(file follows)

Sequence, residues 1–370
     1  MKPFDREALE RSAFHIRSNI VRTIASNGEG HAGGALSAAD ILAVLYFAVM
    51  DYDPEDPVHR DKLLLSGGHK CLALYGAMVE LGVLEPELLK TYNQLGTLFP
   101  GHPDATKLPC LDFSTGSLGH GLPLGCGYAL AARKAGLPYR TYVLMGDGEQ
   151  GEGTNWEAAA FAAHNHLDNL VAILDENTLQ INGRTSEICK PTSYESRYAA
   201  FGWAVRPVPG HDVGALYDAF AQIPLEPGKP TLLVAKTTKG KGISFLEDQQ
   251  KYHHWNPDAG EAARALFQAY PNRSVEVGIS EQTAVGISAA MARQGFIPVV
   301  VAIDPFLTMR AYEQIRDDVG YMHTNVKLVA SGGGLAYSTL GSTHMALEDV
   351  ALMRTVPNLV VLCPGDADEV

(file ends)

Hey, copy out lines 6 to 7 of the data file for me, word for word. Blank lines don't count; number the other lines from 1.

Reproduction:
   201  FGWAVRPVPG HDVGALYDAF AQIPLEPGKP TLLVAKTTKG KGISFLEDQQ
   251  KYHHWNPDAG EAARALFQAY PNRSVEVGIS EQTAVGISAA MARQGFIPVV